Georgia's 7th Congressional District elections, 2014

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2012

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Georgia's 7th Congressional District

General Election Date
November 4, 2014

Primary Date
May 20, 2014

November 4 Election Winner:
Rob Woodall Republican Party
Incumbent prior to election:
Rob Woodall Republican Party
Rob Woodall.jpg

Race Ratings
Cook Political Report: Solid R[1]

Sabato's Crystal Ball: Safe R[2]

Fairvote's Monopoly Politics: Safe R[3]

Georgia U.S. House Elections
District 1District 2District 3District 4District 5District 6District 7District 8District 9District 10District 11District 12District 13District 14

2014 U.S. Senate Elections

Flag of Georgia.png
The 7th Congressional District of Georgia held an election for the U.S. House of Representatives on November 4, 2014.

Heading into the election, the incumbent was Rob Woodall (R) who was first elected in 1992. He defeated Thomas Wight (D) in the general election.[4] Both candidates ran unopposed for their respective primary elections.

Up until election, the July Quarterly of the Federal Election Commission repoted that Woodall maintained a small cash-on-hand advantage over Wight with a $13,000 difference.

Candidate Filing Deadline Primary Election General Election
March 7, 2014
May 20, 2014
November 4, 2014

Primary: Georgia is one of 14 states that uses an open primary system, in which registered voters do not have to be members of a party to vote in that party's primary.[5][6][7]

Voter registration: To vote in the primary, voters had to register by April 21, 2014. For the general election, the voter registration deadline was October 6, 2014.[8]

See also: Georgia elections, 2014

Incumbent: The incumbent was Rob Woodall (R), who was first elected in 1992.

Georgia's 7th Congressional District includes all of Barrow and Walton counties and portions of Forsyth, Gwinnett and Newton counties.[9]

Candidates

General election candidates


May 20, 2014, primary results

Republican Party Republican Primary

Democratic Party Democratic Primary


Key votes

Below are important votes the incumbent cast during the 113th Congress.

HR 676

See also: Boehner's lawsuit against the Obama administration

Yea3.png On July 30, 2014, the U.S. House approved a resolution 225 to 201 to sue President Barack Obama for exceeding his constitutional authority. Five Republicans--Thomas Massie of Kentucky, Paul Broun of Georgia, Scott Garrett of New Jersey, Walter Jones of North Carolina and Steve Stockman of Texas-- voted with Democrats against the lawsuit.[12] Woodall joined the other 224 Republicans in favor of the lawsuit. All Democrats voted against the resolution.[13][14]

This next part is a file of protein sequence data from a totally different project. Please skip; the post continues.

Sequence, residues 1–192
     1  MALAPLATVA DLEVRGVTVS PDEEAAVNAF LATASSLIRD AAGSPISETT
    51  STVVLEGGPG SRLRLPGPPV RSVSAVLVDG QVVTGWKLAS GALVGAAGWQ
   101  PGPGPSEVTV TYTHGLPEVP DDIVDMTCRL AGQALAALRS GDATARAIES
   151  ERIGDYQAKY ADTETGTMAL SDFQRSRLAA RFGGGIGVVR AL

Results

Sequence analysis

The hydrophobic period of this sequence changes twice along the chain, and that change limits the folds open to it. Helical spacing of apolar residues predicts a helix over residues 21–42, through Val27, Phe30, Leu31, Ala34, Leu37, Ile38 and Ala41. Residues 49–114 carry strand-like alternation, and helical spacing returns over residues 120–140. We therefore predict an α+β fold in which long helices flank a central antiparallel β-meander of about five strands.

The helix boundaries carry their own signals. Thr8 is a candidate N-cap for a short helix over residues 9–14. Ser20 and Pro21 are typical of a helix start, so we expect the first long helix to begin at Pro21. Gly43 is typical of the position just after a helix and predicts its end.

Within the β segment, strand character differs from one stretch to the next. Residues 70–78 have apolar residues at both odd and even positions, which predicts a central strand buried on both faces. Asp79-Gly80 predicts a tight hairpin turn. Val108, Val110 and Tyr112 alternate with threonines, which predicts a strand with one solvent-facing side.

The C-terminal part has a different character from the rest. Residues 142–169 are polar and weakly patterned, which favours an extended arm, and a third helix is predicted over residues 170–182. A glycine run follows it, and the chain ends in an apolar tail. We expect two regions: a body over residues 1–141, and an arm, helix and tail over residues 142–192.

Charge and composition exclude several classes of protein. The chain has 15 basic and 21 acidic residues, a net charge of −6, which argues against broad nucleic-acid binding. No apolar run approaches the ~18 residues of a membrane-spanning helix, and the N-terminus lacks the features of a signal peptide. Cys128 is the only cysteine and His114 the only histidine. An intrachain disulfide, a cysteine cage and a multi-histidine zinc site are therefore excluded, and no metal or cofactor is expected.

Elections

General election results

The 7th Congressional District of Georgia held an election for the U.S. House of Representatives on November 4, 2014. Incumbent Rob Woodall (R) defeated challenger Thomas Wight (D) in the general election.

U.S. House, Georgia District 7 General Election, 2014
Party Candidate Vote % Votes
     Republican Green check mark transparent.pngRob Woodall 65.39% 113,557
     Democratic Thomas Wight 34.61% 60,112
Total Votes 173,669
Source: Georgia Secretary of State

Government shutdown

See also: United States budget debate, 2013

Yea3.png On September 30, 2013, the House passed a final stopgap spending bill before the shutdown went into effect. The bill included a one-year delay of the Affordable Care Act's individual mandate and would have also stripped the bill of federal subsidies for congressional members and staff. It passed through the House with a vote of 228-201.[15] At 1 a.m. on October 1, 2013, one hour after the shutdown officially began, the House voted to move forward with going to a conference. In short order, Sen. Harry Reid rejected the call to conference.[16] Rob Woodall voted to approve the stopgap spending bill that would have delayed the individual mandate.[17]

Nay3.png The shutdown ended on October 16, 2013, when the House took a vote on HR 2775 after it was approved by the Senate. The bill to reopen the government lifted the $16.7 trillion debt limit and funded the government through January 15, 2014. Federal employees also received retroactive pay for the shutdown period. The only concession made by Senate Democrats was to require income verification for Obamacare subsidies.[18] The House passed the legislation shortly after the Senate, by a vote of 285-144, with all 144 votes against the legislation coming from Republican members. Rob Woodall voted against HR 2775.[19]

Campaign contributions

Rob Woodall

Rob Woodall (2014) Campaign Finance Reports
ReportDate FiledBeginning BalanceTotal Contributions